In the Let’s Be Frank article I wrote in memory of Tyler Alvarado in the November/December 2020 issue of Inspectioneering Journal, I mentioned that one of our favorite discussion topics was on how to better engage people. Something we never really got around to discussing, but that I have been thinking about more and more lately, is how to maintain enthusiasm and engagement over the long term in a healthy way (where the emotional engagement is not excessive). Think of the clichéd "work-life balance" we always hear from HR and others.

Consider this: people become too emotionally engaged at work when their work identity becomes their primary identity. One problem with working to engage employees (especially young ones) is that the work can become their identity in a way that starts tipping a healthy work life balance in favor of work. How would I know? It has happened to me at various times in my life, even as an older employee. I have a problem where I too easily let work consume me at the cost of other very important things in my life. I now try to be cognizant of this and put work into maintaining a healthier work-life balance, especially to family, friends, and other commitments I have outside of my workplace.

When I resigned as supervisor of an integrity department that I had completely devoted myself to during my tenure, I felt terrible; not for leaving the company, but for leaving my team in the hands of my boss. I left that role purely because poor leadership had created an unhealthy environment for me. It wasn’t good and most of the team I had assembled fragmented and left the company in the years following. I should have given myself my talk, I guess.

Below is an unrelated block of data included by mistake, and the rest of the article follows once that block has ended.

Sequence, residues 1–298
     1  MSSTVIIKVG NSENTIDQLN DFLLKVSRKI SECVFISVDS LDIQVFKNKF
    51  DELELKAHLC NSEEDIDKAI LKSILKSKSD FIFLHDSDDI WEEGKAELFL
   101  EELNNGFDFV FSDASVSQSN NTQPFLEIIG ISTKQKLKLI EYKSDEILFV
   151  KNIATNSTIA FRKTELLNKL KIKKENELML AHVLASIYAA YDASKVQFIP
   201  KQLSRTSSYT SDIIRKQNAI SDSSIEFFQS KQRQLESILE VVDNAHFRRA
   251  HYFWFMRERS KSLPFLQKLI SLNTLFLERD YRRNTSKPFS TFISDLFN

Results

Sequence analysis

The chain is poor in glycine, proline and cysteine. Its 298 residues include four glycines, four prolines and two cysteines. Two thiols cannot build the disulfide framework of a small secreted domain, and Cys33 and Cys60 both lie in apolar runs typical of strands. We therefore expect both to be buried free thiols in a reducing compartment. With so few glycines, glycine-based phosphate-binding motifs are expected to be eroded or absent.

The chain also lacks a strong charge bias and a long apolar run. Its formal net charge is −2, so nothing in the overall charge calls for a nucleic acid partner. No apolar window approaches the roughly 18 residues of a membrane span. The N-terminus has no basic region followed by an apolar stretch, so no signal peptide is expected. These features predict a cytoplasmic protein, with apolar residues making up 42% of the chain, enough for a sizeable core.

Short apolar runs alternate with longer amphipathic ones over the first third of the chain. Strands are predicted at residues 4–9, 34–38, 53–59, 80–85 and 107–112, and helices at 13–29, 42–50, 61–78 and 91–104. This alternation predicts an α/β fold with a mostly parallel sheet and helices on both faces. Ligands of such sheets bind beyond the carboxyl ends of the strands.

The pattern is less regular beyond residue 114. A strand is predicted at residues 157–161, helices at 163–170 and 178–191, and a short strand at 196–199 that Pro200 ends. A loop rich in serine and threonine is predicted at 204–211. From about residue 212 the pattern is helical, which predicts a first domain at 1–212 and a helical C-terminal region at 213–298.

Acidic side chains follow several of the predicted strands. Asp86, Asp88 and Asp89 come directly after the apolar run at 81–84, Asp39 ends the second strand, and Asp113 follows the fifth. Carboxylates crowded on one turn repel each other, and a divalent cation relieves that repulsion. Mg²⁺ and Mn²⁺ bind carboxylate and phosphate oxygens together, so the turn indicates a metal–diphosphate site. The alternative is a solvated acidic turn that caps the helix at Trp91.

I’ll be honest, for the last year or so I have had a hard time staying engaged and enthusiastic about a lot of things, including writing these articles at times. But sitting down and writing this has been cathartic and has helped me refocus on what I am passionate about. If you are a leader, unofficially or because of a senior title, please put some thought and care into your junior people. We need to keep these young engineers and inspectors healthily engaged with a good work-life balance, as it will help you and your organization in the short term and will help all of us in the long term.

I will leave you with this - to paraphrase my Sergeant-Major, whose wise words of advice to me were "stay healthy and everything is easier." Stay emotionally healthy and it will be easier to navigate today’s ever-changing work environments. Appropriate, proportional engagement will be easier and will be much better for you and your life if you put effort into your emotional wellbeing.

“We are what we repeatedly do. Excellence then, is not an act, but a habit.” - Aristotle